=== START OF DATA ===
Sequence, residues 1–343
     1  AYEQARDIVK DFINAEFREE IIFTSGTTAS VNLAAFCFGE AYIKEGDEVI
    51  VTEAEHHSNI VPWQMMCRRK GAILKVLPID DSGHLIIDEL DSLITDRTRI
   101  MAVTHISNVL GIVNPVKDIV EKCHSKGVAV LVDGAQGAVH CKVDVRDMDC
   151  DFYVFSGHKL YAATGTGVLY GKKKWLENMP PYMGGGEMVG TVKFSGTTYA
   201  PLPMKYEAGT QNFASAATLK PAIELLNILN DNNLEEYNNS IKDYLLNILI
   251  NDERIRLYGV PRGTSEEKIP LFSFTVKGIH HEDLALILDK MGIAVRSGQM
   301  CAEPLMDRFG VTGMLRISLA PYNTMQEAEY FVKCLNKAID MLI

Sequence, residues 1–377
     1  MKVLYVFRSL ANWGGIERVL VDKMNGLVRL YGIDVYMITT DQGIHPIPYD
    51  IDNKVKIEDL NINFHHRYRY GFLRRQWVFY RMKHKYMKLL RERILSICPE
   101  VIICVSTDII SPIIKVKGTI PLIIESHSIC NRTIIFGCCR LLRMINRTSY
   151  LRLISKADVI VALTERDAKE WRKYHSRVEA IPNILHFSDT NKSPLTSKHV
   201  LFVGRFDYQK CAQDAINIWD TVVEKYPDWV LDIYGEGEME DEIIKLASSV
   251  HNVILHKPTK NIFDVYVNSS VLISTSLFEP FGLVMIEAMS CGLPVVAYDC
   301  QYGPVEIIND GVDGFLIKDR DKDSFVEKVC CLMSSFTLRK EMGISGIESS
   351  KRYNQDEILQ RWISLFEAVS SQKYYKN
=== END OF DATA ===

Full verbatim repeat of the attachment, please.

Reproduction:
Sequence, residues 1–343
     1  AYEQARDIVK DFINAEFREE IIFTSGTTAS VNLAAFCFGE AYIKEGDEVI
    51  VTEAEHHSNI VPWQMMCRRK GAILKVLPID DSGHLIIDEL DSLITDRTRI
   101  MAVTHISNVL GIVNPVKDIV EKCHSKGVAV LVDGAQGAVH CKVDVRDMDC
   151  DFYVFSGHKL YAATGTGVLY GKKKWLENMP PYMGGGEMVG TVKFSGTTYA
   201  PLPMKYEAGT QNFASAATLK PAIELLNILN DNNLEEYNNS IKDYLLNILI
   251  NDERIRLYGV PRGTSEEKIP LFSFTVKGIH HEDLALILDK MGIAVRSGQM
   301  CAEPLMDRFG VTGMLRISLA PYNTMQEAEY FVKCLNKAID MLI

Sequence, residues 1–377
     1  MKVLYVFRSL ANWGGIERVL VDKMNGLVRL YGIDVYMITT DQGIHPIPYD
    51  IDNKVKIEDL NINFHHRYRY GFLRRQWVFY RMKHKYMKLL RERILSICPE
   101  VIICVSTDII SPIIKVKGTI PLIIESHSIC NRTIIFGCCR LLRMINRTSY
   151  LRLISKADVI VALTERDAKE WRKYHSRVEA IPNILHFSDT NKSPLTSKHV
   201  LFVGRFDYQK CAQDAINIWD TVVEKYPDWV LDIYGEGEME DEIIKLASSV
   251  HNVILHKPTK NIFDVYVNSS VLISTSLFEP FGLVMIEAMS CGLPVVAYDC
   301  QYGPVEIIND GVDGFLIKDR DKDSFVEKVC CLMSSFTLRK EMGISGIESS
   351  KRYNQDEILQ RWISLFEAVS SQKYYKN